Variations in manufacturing can lead to parts that act slightly different. Component matching cost more, and even then, a given batch is not tested 100%. A statistically significant portion of the batch is selected, pass/failed based on target specs, and then labeled according to actual performance.
This happens with pretty much all types of devices. Some, like resistors, are more obvious. They come with certain tolerances, the average resistor being within ± 10% of it's given value (so your 220Ω resistors might be between 198Ω and 244Ω), with more expensive ones coming in ± 5/1/0.1%. Leds are just as likely. You will find that led drivers (Like the TI TLC5940) have options just for this situation, called Dot Correction. From App Note: TLC5940 dot correction compensates for variations in LED brightness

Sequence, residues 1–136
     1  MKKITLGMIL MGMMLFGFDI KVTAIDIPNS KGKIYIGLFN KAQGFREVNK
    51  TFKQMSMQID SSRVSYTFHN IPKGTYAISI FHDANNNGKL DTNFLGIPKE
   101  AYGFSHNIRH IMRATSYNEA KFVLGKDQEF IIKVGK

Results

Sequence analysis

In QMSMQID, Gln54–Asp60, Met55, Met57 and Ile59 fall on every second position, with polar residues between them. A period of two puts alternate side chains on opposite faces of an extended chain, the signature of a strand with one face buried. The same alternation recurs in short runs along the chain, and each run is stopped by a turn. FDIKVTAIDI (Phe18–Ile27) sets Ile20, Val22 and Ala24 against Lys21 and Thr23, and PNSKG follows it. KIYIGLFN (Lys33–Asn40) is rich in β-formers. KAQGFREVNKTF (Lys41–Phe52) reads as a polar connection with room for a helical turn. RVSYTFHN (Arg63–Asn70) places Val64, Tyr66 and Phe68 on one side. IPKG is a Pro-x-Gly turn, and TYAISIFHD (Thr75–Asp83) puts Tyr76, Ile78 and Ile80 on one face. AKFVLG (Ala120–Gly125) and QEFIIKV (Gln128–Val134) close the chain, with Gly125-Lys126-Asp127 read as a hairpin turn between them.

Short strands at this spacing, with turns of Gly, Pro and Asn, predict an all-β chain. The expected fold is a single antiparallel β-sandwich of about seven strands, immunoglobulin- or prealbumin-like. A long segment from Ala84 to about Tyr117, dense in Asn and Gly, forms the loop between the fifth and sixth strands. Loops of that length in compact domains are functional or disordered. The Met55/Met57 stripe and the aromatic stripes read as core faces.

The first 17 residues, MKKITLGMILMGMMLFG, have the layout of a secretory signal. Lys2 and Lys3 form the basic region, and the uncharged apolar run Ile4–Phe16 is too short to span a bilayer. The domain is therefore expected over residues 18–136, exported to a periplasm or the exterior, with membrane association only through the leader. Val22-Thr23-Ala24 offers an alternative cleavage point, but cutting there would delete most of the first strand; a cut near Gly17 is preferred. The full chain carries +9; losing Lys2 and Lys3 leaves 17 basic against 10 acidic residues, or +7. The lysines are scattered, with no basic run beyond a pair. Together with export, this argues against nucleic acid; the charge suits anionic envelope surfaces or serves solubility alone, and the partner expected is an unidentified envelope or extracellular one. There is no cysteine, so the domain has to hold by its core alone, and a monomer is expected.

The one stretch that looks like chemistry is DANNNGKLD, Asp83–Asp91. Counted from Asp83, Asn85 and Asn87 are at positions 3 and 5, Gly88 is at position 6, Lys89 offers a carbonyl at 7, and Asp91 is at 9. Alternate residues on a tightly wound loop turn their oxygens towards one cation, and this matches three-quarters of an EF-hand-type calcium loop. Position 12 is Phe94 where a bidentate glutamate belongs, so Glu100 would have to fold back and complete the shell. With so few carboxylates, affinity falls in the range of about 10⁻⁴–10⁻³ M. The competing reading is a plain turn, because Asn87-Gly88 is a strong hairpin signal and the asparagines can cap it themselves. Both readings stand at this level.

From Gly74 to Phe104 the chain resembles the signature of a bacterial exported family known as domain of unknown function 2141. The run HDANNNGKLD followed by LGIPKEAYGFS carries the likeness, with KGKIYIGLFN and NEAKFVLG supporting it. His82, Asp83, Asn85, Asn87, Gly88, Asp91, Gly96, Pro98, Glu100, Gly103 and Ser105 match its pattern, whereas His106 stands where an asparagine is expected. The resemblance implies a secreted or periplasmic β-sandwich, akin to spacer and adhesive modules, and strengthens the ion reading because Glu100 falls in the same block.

Dot correction is a method for managing pixel brightness by adjusting the current supplied through each individual LED in the array. The dot correction feature enables the processor to control full current to a panel of LEDs while the LED driver scales the current to each LED and creates uniform brightness. ... To implement dot correction, manufacturers measure the brightness of individual LEDs through photo capture. The dimmest LED in the system is designated as the “base” LED to which every other pixel is matched.
That different led could be a outlier in a single batch, come from a different batch, come from a different factory or come from a completely different manufacturer. Part matching needs to be done if a specific brightness is necessary. Binning is one method (Making sure that the Manufacturer gives you only leds that are paired) but it is not always the best in high led count. Dot Correction is the next method. And simply eyeballing it is the next. That App Note has some good information on this.